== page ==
Sunday, April 21, 2019

Resurrection: Signs and Omens

In ancient Rome it was the role of the auguries to determine the will of the Gods through the omens observed. The Romans, unlike our modern contemporaries, were religious people who felt that the Gods communicated to men though signs and phenomenon from which the carefully observant would divine their will. So firm was their belief in this state of affairs that they would not proceed with an important issue unless the God's were on their side.

By nature I'm very skeptical sort of guy, not prone to such practices, but I've got to admit that the burning of Notre Dame sure felt like an omen to me: an uneasy one. Notre Dame isn't just another Church, it's in many ways the symbol of French Catholicity--with all that brings--and its partial destruction seemed to be a foreboding sign.  Unlike many other church fires, even the atheists recoginised that the is fire had a far greater symbolic significance.

Some traditionalist wags on Twitter--wishing to prove that God was on their side-- commented that the new modern altar was buried under the rubble while the "traditionalist" one remained unscathed.  What they forgot to point out is that a lot of the old Church was destroyed and if destruction was a sign of the Divine Will,  then God seemed to be unhappy with some bits of the "old" Church as well.

Some of the more liberal commentators felt that the destruction while regrettable was a new opportunity to rebuild the Church in a way "reflective of contemporary French society".  Anyone familiar with modern architecture and contemporary politics  can only interpret this angle with a great deal of apprehension.  The French secular state has been hostile to the Church and it is not beyond the realms of  possibility that it will exert its power to "rebuild" Notre Dame in way which both asserts its authority and humiliates the Catholic Church.

Knowing what crimes modern architecture is capable of, many are calling for the Church to be restored to exactly how it was before the fire.  I'm not particularly opposed to this view, especially considering the potential modern alternatives but if this fire really was an omen of sorts then I don't think that's going to happen. This is what comes to mind;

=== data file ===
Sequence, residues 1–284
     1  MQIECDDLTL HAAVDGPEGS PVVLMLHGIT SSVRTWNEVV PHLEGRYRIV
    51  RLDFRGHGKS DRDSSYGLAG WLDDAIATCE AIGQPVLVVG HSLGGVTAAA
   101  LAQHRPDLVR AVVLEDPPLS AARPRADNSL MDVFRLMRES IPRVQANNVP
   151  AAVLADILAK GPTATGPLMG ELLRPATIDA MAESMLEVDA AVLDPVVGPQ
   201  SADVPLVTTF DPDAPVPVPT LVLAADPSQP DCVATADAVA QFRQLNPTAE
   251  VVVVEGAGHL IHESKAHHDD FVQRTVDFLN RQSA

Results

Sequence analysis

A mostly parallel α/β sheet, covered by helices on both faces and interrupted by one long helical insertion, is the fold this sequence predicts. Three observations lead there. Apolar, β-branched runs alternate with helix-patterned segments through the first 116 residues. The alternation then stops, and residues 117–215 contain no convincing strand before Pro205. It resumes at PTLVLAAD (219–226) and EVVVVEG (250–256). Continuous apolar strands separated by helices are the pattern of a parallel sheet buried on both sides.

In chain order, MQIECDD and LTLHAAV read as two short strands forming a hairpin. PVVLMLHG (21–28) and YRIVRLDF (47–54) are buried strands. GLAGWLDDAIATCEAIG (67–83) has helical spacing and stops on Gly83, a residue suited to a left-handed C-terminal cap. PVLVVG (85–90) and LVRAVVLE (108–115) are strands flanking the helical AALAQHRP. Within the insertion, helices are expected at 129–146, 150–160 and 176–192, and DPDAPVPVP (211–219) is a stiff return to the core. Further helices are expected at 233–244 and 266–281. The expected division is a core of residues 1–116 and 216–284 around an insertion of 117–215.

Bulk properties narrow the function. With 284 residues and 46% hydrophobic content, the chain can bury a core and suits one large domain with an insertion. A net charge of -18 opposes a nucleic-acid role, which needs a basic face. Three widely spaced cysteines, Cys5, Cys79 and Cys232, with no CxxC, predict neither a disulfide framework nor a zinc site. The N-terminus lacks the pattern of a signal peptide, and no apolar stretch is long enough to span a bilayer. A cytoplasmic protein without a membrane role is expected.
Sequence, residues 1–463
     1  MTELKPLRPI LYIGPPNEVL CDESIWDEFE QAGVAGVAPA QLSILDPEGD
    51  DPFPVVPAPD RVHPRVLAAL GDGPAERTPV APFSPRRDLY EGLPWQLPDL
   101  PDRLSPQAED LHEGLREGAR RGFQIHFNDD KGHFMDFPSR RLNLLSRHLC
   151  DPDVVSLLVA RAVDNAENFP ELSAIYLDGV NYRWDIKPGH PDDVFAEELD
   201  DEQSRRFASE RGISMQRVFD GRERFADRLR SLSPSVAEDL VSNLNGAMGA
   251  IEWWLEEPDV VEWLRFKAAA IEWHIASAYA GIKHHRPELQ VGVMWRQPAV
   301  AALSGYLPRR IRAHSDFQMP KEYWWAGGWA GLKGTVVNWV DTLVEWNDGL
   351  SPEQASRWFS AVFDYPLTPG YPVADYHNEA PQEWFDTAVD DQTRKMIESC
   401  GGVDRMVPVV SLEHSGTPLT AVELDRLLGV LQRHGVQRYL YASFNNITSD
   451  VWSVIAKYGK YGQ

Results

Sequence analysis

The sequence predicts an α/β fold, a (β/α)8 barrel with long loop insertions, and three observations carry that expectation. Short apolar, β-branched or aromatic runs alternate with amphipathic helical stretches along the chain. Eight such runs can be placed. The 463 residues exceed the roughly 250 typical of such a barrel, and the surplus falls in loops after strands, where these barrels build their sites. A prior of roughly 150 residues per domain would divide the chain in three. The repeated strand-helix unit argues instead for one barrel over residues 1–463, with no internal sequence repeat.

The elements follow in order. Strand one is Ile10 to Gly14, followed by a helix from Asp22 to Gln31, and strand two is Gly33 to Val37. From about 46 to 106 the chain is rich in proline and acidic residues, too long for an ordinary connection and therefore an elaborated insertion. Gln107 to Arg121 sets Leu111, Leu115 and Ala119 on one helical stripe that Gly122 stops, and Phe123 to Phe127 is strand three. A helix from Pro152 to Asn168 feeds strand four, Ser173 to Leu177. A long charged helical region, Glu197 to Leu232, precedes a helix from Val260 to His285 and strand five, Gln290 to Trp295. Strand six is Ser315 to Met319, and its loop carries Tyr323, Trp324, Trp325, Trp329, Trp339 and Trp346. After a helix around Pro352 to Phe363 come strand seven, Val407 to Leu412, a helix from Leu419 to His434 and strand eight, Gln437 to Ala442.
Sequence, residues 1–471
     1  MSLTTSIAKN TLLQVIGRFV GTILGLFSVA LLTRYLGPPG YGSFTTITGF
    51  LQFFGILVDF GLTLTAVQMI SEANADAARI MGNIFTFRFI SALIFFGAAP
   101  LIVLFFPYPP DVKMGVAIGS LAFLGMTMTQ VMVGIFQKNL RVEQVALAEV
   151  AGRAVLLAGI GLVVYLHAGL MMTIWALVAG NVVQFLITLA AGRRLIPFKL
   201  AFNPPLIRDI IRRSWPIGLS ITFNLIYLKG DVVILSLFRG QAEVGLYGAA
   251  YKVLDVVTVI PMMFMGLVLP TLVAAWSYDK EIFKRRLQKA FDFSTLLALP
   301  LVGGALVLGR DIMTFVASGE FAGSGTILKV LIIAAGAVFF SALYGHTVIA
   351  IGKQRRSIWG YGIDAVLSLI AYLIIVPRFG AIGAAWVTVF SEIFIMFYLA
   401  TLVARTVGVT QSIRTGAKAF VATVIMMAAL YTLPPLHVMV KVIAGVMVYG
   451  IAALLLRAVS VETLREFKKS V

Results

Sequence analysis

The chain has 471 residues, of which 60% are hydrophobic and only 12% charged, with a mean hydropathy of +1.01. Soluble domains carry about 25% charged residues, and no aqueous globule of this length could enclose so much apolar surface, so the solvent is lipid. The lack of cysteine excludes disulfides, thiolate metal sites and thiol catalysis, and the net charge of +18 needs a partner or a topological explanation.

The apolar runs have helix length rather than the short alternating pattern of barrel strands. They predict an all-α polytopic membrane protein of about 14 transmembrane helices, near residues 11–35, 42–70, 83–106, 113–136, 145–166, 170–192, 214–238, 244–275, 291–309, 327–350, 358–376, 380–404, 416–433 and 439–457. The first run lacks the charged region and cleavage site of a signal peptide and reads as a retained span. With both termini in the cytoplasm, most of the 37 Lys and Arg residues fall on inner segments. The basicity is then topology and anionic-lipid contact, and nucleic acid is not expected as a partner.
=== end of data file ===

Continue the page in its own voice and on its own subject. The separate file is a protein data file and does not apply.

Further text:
Since the Passover of the Jews was near, Jesus went up to Jerusalem. He found in the temple area those who sold oxen, sheep, and doves, as well as the money-changers seated there. He made a whip out of cords and drove them all out of the temple area, with the sheep and oxen, and spilled the coins of the money-changers and overturned their tables,and to those who sold doves he said, "Take these out of here, and stop making my Father's house a marketplace. His disciples recalled the words of scripture, "Zeal for your house will consume me." At this the Jews answered and said to him, "What sign can you show us for doing this?"Jesus answered and said to them, "Destroy this temple and in three days I will raise it up." The Jews said, "This temple has been under construction for forty-six years, and you will raise it up in three days?" But he was speaking about the temple of his body. Therefore, when he was raised from the dead, his disciples remembered that he had said this, and they came to believe the scripture and the word Jesus had spoken.

As I said before, I'm a skeptical sort of guy, but it there is any omen here, in my mind it is signifying that a change is coming,  probably through French Catholicism first. The temple is being torn down and its going to get rebuilt but it won't be a copy of the old.  Still,  I couldn't but feel looking at the photos of the old altar standing relatively unscathed by the fire that everything was going to be alright in the end. No matter what calamities may befall us, the Faith will endure.

He has conquered death and its corruption.

Wednesday, April 17, 2019

Quote du Jour

Houellebecq is back at it, this time at First Things, talking about religion, particularly Catholicism. I thought this was very good:
And the Church seems to apologize for her existence. Currently in France, we are experiencing a vast insurrection by those who could be termed the “leftovers of globalization,” the gilets jaunes. These people are crying out with an anger that has been growing for a long time, and they have been ­supported by a majority of the population. A social phenomenon of this order cannot escape the notice of any institution claiming to have a plan for men. In lieu of exercising a political influence, the Church could be offering a spiritual plan to those who are fighting against a loss of fundamental meaning. There are approximatively a hundred dioceses in France, and a few more bishops, all of whom are the representatives of the Church in the country. Only one of them has decided it would be a good idea to go to a meeting of the gilets jaunes.
From Restoration, over at First Things.

Saturday, April 13, 2019

The Theology of Sexual Abuse

As I've said before, before the restoration of the West will only occur once its  religious underpinnings are re-instituted. Most bloggers on the subject of Western restoration tend to focus on political and immigration reforms but these things are all moot if the culture underpinning them is rubbish. Religion matters, particularly the Catholic religion, which IS the foundational element of the West.

One only has to pick up a newspaper or browse online to realise that there is something seriously wrong with the Catholic Church and while many, including many in the leadership recognise this the fact is that the leadership is floundering. As someone who has been following events for a while now it's quite obvious that most of the Church's governing class and commentariat are clueless  So it was quite a surprise to see that  Pope Emeritus Benedict weigh into the conversation by publishing a series of notes with regard to his reflections on the sexual abuse crisis.